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Now before you think I’ve gone all hoity-toity on you, know that this might have been the first time I’ve prepared lobster at home. Ever. You see, this lobster was too good to pass up. It was on sale at a local store and even though I had never cooked lobster, I didn’t let that deter me. They’re just like big crawfish, right?

The answer to that question, is yes, they are. Sort of. I used my kitchen shears to cut the backs and underneath, then I pulled them apart and was left with 2 very nice (albeit small) lobster pieces. It wasn’t enough to be a meal on it’s own so it needed to be an accoutrement. Image

Lobster Risotto

  • 2 5oz lobster tails, meat removed from shells
  • 1 small onion, chopped
  • 2 Tble butter
  • 2 Tble olive oil
  • 1 1/2 cups Arborio rice
  • 1 cup white wine
  • 4 cups lobster or chicken broth
  • 1/2 cup parmesan cheese, grated
  • 1 tsp fleur de sel or other sea salt
  • freshly ground pepper
  • chives or parsley, for garnish

Cut lobster meat into chunks and set aside. Pour broth into a small saucepan and bring to a simmer. Keep broth hot over a low heat. Melt butter and olive oil in a large saucepan over medium heat. Add onion and sauté for 2-3 minutes being careful not to brown the onion. Add lobster meat and cook 3-4 minutes or until lobster is done. Using tongs, remove lobster meat to a separate plate and keep warm. Add the rice to the pan and stir it briskly with a wooden spoon so that the grains are coated with the oil and melted butter. Sauté for another minute or so, until there is a slightly nutty aroma. But don’t let the rice turn brown. Add the wine and cook while stirring, until the liquid is almost fully absorbed. Add a ladle of hot stock to the rice and stir until the liquid is fully absorbed. When the rice appears almost dry, add another ladle of stock and repeat the process. Continue adding ladles of hot stock and stirring the rice while the liquid is absorbed. As it cooks, you’ll see that the rice will take on a creamy consistency as it begins to release its natural starches. Continue adding stock, a ladle at a time, for 20-30 minutes or until the grains are tender but still firm to the bite, without being crunchy. Stir in the parmesan cheese. Season with fleur de sel and pepper. Reintroduce the lobster to the risotto and stir to combine. Garnish with chopped chives or flat-leaf parsley.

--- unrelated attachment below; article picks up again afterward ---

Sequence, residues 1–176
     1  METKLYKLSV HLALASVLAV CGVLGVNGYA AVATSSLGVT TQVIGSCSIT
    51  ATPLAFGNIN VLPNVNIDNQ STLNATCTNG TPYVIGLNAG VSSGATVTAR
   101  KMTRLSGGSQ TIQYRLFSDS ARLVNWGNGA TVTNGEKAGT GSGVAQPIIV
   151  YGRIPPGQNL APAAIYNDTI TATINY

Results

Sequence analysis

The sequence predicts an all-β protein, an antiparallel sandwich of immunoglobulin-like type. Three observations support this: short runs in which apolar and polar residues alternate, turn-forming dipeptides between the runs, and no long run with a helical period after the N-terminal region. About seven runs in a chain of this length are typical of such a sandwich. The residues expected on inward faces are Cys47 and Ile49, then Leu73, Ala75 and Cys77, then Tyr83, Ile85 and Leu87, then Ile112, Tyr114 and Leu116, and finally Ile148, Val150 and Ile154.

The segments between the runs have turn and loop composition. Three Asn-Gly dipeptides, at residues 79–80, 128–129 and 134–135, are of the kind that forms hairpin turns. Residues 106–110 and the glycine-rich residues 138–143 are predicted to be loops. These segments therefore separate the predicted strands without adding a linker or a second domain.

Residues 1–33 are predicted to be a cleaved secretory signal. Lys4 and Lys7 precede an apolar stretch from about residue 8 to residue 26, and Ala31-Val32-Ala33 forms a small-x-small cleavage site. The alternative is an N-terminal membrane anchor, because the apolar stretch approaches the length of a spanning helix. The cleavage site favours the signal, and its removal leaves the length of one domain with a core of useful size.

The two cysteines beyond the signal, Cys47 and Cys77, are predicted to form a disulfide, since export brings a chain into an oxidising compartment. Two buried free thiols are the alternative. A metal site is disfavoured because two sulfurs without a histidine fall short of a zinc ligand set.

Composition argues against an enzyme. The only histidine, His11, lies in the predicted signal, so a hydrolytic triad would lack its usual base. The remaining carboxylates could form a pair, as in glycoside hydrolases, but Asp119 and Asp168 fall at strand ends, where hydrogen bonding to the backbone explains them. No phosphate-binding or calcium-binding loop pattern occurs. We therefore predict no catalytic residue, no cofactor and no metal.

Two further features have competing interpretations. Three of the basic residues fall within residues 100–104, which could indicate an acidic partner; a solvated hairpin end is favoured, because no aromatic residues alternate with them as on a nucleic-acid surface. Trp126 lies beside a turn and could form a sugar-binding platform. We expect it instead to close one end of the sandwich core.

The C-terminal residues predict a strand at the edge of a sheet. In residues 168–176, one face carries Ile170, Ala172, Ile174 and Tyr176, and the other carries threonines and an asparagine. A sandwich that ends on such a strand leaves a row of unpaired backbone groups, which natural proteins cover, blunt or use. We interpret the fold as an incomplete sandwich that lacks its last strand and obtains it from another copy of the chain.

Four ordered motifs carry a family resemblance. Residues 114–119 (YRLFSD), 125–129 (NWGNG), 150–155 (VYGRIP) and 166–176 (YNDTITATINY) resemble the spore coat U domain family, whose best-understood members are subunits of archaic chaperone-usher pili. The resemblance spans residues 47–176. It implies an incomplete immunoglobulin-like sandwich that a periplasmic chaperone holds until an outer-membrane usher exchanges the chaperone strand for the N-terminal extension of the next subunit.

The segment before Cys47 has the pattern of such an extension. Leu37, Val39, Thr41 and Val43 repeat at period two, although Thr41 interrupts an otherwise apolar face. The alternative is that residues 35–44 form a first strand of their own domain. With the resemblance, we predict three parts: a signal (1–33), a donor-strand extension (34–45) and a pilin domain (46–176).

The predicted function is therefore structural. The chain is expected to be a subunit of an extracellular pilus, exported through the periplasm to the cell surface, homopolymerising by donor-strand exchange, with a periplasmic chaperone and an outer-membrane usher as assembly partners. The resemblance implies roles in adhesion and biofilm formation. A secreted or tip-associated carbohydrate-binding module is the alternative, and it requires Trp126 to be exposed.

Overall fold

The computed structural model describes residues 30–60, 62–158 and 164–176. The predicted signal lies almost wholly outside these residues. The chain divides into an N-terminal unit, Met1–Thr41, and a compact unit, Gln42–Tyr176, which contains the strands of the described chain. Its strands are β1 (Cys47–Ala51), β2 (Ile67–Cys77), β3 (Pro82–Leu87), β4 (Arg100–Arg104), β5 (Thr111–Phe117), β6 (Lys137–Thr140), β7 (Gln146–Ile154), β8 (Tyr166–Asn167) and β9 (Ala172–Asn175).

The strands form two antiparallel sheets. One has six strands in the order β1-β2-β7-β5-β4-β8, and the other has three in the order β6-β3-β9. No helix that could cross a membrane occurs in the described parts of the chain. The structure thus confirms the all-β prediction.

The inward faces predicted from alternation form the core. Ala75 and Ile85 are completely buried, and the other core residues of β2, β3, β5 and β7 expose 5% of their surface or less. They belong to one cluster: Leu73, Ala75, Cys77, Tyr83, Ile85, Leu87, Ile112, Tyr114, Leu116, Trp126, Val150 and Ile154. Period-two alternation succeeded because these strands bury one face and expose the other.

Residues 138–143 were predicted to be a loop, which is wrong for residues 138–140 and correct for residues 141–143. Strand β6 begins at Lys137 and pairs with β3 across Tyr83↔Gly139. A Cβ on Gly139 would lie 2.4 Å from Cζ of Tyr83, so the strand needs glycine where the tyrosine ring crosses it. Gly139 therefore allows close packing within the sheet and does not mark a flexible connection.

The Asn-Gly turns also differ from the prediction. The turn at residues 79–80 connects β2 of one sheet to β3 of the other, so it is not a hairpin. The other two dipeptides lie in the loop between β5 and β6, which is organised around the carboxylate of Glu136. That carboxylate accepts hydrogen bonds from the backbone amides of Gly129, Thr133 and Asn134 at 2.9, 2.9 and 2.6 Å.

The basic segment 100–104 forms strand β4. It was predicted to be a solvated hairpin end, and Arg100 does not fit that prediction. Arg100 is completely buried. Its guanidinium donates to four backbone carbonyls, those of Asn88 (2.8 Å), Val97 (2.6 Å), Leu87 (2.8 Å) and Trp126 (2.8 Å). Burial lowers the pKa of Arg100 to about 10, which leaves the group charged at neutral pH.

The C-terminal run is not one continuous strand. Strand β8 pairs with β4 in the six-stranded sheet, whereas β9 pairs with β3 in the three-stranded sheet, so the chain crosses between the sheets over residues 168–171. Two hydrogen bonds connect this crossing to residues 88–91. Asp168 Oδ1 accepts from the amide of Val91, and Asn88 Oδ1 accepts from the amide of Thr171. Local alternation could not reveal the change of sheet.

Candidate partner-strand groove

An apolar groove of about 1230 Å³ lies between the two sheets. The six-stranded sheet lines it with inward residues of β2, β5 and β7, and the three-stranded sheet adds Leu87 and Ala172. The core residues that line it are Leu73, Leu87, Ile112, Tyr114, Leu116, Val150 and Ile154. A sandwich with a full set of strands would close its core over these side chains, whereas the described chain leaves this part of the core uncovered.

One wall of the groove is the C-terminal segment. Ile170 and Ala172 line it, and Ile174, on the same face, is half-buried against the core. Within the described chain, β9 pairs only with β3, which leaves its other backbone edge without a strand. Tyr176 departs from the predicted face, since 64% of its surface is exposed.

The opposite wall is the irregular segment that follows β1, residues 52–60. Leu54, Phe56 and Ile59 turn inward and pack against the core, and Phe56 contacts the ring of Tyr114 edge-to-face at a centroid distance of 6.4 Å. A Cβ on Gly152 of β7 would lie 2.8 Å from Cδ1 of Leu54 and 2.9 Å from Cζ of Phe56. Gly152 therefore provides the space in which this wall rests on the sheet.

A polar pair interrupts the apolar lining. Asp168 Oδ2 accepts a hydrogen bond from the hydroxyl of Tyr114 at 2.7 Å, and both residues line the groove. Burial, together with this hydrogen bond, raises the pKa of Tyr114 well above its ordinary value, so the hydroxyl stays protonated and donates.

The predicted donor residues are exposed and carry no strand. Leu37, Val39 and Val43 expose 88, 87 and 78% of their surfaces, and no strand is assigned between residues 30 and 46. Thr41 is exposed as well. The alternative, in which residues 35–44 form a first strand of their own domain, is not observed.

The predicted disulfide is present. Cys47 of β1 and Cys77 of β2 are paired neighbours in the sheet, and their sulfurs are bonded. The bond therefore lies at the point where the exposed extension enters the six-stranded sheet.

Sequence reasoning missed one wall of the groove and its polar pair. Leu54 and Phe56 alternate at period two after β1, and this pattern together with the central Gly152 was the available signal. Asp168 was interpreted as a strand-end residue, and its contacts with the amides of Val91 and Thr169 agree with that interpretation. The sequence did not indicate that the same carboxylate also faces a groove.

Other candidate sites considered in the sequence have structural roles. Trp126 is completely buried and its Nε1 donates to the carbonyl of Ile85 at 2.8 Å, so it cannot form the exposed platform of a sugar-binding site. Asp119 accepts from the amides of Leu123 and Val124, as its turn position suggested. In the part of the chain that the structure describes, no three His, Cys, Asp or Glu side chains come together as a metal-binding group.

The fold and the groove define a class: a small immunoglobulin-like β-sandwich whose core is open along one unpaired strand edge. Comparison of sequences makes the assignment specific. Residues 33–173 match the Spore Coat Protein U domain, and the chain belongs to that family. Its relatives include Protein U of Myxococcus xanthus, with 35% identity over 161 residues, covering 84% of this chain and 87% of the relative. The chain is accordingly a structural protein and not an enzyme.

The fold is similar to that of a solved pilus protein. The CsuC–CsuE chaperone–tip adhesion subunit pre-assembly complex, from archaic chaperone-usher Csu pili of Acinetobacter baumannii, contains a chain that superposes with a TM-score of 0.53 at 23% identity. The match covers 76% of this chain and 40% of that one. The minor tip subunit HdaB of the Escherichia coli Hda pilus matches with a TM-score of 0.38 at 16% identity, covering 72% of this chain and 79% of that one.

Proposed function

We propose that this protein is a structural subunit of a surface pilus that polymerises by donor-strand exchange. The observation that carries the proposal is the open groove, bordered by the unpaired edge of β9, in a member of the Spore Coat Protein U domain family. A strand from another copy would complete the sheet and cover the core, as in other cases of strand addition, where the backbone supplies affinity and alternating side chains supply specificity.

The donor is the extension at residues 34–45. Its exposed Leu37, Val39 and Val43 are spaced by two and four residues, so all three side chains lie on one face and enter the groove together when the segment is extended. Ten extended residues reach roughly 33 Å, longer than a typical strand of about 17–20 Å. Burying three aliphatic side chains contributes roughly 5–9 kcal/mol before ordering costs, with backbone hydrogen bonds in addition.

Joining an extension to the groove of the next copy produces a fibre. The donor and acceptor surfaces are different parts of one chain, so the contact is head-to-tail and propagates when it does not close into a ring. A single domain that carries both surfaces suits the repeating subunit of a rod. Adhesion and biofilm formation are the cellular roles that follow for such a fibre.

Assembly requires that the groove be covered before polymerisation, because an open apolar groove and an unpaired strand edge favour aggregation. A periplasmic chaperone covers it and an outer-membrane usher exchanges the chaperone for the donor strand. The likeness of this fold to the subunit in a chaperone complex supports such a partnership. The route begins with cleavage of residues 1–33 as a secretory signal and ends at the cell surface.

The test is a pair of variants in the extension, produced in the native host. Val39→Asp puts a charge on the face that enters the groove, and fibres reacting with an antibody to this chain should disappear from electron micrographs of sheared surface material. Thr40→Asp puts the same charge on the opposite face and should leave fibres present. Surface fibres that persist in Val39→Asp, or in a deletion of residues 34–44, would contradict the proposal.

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Notes:

  • I used chicken stock because that’s what I had, but if you’re feeling adventurous you could make lobster stock with your shells. It takes a little work and a few ingredients, but I assure you that it will be worth the work. Good food usually is.
  • Chives would be my go-to garnish for this dish, but I didn’t have any. So I used flat-leaf parsley instead. Use whatever you have on hand.

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